Born in Tehran, Iran, Reza Abdoh had, by age 14, moved to England and begun directing. After working with the National Youth Theater he moved to the United States, to attend the University of Southern California. Between 1986 and 1991 he worked extensively in video, and in 1992 he made an experimental film called The Blind Owl, which featured his partner, Brendan Doyle. By 1990 he had begun directing large-scale theater productions, and in 1991 he formed the New York and Los Angeles-based theater ensemble, Dar a Luz. Abdoh pulled together elements from multiple mediums, constructing experimental theater productions, which were often staged in unusual spaces like warehouses and abandoned buildings. One of his first major pieces, Father Was a Peculiar Man (1990), involved more than 50 performers and was staged across four blocks of New York's Meatpacking District. Other theatrical pieces included The Law of Remains (1992), Tight Right White (1993) and Quotations From a Ruined City (1994). Throughout his artistic career he confronted issues of race, class and AIDS. He died at the age of 32 in New York City.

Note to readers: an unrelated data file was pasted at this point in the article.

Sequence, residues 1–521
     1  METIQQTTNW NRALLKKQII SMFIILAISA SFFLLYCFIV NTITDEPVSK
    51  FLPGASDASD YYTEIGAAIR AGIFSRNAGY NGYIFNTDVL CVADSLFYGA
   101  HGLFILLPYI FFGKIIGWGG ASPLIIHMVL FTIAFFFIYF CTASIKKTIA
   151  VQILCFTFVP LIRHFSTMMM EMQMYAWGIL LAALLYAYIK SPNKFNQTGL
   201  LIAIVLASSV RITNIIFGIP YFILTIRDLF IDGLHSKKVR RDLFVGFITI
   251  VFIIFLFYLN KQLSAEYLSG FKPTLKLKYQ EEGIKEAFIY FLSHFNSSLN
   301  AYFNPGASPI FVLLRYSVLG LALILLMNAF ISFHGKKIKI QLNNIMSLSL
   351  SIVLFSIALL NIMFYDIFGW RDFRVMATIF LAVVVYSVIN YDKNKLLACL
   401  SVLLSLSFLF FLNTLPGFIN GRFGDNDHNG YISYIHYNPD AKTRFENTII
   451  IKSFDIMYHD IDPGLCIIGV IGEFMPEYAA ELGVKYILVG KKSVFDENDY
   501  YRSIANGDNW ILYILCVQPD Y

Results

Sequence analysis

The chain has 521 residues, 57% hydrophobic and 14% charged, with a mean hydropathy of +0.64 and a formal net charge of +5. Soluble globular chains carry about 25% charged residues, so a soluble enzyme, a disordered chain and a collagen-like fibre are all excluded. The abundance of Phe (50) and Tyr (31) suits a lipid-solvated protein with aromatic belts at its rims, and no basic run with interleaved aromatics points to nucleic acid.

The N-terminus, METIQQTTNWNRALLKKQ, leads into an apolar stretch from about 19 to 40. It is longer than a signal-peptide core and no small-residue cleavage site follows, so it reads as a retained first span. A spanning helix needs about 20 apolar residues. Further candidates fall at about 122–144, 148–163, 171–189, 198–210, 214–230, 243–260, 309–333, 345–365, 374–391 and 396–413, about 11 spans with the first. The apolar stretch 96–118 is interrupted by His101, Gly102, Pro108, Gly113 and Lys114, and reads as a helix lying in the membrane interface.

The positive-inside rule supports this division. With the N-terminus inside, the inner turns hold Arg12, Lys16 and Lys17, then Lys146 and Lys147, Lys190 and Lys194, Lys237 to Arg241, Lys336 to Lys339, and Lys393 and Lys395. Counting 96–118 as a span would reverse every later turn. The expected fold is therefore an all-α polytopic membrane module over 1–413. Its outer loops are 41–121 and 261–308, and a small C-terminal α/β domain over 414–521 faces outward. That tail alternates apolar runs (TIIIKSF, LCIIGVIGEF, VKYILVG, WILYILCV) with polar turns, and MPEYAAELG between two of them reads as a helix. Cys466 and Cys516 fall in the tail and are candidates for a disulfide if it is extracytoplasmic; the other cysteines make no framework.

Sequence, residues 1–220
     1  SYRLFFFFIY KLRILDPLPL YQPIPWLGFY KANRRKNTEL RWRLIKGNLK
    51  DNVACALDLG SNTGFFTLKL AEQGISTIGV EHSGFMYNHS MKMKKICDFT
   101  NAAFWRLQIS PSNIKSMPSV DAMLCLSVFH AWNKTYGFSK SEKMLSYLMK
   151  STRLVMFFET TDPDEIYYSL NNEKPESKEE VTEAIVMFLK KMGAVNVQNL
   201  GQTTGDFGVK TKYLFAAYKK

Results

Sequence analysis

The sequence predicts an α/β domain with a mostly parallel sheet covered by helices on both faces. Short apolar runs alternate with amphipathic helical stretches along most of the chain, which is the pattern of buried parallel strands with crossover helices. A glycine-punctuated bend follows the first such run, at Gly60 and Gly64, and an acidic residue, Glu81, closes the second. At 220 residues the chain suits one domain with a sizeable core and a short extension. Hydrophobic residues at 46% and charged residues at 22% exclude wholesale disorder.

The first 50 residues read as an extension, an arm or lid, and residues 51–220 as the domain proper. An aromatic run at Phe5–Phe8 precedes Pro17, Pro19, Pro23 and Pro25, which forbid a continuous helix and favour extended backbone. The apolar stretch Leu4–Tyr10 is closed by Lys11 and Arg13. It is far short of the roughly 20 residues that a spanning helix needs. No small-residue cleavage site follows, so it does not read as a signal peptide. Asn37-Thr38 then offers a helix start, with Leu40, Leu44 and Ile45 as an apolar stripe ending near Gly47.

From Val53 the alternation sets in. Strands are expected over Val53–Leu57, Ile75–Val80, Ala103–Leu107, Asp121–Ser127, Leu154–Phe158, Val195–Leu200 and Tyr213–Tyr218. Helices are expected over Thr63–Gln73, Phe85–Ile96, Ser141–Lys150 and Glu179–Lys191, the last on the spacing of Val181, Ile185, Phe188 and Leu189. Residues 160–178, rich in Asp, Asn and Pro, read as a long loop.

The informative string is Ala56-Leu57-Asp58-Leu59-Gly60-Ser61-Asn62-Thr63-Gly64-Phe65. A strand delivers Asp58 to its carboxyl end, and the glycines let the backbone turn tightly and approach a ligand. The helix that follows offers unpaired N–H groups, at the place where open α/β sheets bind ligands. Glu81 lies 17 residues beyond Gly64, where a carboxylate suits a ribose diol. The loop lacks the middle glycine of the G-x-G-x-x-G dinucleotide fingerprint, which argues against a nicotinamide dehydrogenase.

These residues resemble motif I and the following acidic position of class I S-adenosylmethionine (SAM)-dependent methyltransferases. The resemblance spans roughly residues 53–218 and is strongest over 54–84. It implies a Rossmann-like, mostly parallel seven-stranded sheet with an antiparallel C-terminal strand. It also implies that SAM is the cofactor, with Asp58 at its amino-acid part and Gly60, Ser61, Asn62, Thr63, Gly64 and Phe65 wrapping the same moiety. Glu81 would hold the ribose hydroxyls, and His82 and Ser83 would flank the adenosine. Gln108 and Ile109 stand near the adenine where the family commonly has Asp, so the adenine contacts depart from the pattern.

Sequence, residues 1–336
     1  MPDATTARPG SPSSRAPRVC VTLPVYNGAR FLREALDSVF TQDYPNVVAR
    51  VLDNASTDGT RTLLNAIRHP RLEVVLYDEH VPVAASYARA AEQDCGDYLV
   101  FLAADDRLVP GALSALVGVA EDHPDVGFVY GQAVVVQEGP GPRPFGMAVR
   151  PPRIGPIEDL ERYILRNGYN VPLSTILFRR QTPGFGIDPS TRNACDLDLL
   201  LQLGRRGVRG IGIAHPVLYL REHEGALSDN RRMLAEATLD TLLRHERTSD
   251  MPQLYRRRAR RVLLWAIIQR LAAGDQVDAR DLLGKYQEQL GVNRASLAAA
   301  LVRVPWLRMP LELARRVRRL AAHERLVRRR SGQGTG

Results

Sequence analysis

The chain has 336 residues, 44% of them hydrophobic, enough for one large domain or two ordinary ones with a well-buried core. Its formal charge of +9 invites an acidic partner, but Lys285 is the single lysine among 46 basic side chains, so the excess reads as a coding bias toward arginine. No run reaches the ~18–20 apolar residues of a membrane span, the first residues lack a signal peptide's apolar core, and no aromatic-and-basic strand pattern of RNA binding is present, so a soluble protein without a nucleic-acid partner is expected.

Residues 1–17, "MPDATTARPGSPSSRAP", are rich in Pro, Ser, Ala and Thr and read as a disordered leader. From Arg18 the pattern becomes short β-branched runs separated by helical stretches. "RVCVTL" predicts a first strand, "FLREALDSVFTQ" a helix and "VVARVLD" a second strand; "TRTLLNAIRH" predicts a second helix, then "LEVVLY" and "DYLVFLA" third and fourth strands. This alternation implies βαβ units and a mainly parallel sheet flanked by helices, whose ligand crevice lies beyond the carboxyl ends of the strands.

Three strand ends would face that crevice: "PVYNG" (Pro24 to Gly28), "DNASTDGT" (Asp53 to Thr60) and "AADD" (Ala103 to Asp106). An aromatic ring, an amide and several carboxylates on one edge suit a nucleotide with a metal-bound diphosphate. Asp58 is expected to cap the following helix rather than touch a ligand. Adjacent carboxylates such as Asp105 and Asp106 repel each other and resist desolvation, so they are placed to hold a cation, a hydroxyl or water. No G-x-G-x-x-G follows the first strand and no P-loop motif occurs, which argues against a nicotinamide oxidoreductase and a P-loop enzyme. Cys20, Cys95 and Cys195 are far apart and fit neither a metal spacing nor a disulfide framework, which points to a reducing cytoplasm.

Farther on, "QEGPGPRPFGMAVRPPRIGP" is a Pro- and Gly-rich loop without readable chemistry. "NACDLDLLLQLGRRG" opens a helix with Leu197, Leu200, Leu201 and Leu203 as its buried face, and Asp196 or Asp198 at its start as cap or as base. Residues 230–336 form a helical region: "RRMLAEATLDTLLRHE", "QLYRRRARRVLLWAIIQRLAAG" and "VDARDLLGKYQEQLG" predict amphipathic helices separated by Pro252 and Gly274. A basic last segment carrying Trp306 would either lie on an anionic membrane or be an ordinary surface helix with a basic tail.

I am an artist living with AIDS. I am a homosexual who was born in Iran. In my life I have had to work through problems of stigmatization and prejudice. When I discovered the power of the arts to express my pains and joys, it became clear to me that there would be no other way to work through the demons, except to fully embrace the process of creation. The work was not personal therapy but had a connection to other peoples’ realities. As I grow older and more mature, it becomes clearer to me that personal struggles and conflicts are connected with universal struggles and conflicts. It is this knowledge, ironically, that gives me the freedom to experiment in my work. — Reza Abdoh
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